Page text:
Wednesday, January 14, 2009

Asexual Reproduction in Animals

In animals the asexual reproduction is limited to unicellular and lower forms organisms. Following are the different methods of asexual reproductions.

1) Binary fission:
The parent cell divides into two or more daughter cells by a cleavage of the protoplast after the nuclear division. Normally two identical cells are formed. Therefore, it is known as binary fission. It is usually observed in organisms such as plasmodium, paramecium, amoeba, etc. When the parent cell is divided into a number of progenies it is called multiple fission. First, the nucleus undergoes repeated division, which is followed by cytoplasmic division into a number of daughter cells. The cell undergoing multiple fission is called schizont and the process is known as schizogamy.

2) Budding :
Here, offspring develops as a growth on the body of the parent. In some species (e.g., jellyfishes) the buds break away and take up an independent existence. In others (e.g., corals) the buds remain attached to the parent and the process results in colonies of animals. Budding is also common among parasitic animals such as tapeworms.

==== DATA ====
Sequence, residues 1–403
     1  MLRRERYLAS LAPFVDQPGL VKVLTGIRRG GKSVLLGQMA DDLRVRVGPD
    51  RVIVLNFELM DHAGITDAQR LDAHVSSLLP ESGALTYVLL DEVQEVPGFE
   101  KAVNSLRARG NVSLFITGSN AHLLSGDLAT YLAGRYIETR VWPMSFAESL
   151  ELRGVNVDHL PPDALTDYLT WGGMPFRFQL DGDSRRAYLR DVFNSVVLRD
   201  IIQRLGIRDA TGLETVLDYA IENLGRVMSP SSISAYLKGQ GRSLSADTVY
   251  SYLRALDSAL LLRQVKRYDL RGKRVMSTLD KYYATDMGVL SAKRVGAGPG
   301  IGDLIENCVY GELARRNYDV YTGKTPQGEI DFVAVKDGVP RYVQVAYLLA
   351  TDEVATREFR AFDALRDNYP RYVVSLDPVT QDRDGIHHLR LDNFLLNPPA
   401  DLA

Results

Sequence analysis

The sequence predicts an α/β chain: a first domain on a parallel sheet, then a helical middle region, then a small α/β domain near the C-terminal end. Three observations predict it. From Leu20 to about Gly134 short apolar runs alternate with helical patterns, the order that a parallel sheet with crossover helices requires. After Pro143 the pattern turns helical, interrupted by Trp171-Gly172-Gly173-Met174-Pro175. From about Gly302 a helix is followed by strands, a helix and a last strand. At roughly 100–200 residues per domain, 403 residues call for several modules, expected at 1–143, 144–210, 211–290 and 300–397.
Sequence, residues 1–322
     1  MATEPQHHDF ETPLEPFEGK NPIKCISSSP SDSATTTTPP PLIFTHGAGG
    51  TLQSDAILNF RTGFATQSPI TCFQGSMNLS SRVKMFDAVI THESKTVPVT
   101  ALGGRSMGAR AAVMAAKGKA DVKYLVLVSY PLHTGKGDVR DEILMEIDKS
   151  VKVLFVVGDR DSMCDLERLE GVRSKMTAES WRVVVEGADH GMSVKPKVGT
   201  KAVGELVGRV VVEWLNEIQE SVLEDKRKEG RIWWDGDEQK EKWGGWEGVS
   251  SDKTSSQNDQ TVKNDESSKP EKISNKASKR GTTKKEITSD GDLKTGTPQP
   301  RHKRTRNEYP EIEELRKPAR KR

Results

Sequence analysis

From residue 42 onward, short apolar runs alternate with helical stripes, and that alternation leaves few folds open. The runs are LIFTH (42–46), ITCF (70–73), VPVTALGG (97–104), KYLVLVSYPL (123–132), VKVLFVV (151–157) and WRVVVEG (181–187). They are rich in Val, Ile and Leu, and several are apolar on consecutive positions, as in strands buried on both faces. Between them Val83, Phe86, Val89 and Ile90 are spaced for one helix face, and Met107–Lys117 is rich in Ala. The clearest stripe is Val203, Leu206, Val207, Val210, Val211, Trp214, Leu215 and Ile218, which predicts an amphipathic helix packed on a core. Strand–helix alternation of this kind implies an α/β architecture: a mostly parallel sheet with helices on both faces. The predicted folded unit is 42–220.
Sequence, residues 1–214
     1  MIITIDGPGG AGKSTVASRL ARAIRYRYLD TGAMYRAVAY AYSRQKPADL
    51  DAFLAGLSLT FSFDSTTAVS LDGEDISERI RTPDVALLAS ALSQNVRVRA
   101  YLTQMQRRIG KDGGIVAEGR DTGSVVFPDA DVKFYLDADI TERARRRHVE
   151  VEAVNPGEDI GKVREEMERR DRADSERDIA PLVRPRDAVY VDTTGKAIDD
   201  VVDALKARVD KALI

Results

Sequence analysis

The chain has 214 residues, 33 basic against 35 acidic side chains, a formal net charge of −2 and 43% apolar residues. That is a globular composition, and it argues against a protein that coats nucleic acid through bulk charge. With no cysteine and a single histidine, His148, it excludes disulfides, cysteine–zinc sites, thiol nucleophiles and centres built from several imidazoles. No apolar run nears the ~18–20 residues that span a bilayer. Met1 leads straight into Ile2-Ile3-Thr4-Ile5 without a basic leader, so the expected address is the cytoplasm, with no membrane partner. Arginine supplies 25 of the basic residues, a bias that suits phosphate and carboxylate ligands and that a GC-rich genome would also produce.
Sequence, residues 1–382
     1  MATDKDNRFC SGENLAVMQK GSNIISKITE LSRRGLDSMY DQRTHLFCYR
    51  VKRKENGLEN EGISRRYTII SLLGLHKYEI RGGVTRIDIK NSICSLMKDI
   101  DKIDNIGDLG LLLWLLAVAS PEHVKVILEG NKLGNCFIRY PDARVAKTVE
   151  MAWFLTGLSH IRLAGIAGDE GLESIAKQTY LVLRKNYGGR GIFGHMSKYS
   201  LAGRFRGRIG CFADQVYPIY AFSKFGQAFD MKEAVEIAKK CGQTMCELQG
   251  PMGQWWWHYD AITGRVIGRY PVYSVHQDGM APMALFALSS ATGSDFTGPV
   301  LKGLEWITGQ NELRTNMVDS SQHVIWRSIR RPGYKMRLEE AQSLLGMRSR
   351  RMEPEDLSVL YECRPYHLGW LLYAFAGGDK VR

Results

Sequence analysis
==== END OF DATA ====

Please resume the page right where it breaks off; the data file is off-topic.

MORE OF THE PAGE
3) Fragmentation
In certain tiny worms, as they grow to full size, they spontaneously break up into eight or nine pieces. Each of these fragments develops into a mature worm and the process is repeated.

4) Parthenogenesis:
In parthenogenesis ("virgin birth"), the female produces eggs, but these develop into young without ever being fertilized. Parthenogenesis occurs in some fishes, several kinds of insects, and a few species of lizards. In a few species it is the only method of reproduction, but more commonly animals turn to parthenogenesis only at certain times. For example, aphids use parthenogenesis in the spring when they find themselves with ample food. Reproduction by parthenogenesis is more rapid than sexual reproduction, and the use of this mode of asexual reproduction permits the animals to quickly exploit the available resources.

Parthenogenesis is forced on some species of wasps when they become infected with bacteria such as the genus Wolbachia. In these wasps (as in honeybees), fertilized eggs (diploid) become females; unfertilized (haploid) eggs become males. However, in Wolbachia-infected females, all their eggs undergo endoreplication producing diploid eggs that develop into females without fertilization; that is, by parthenogenesis. Treating the wasps with an antibiotic kills off the bacteria and "cures" the parthenogenesis.

Tags: Asexual Reproduction, Bio Technology, Bio Genetics

Related Posts by Categories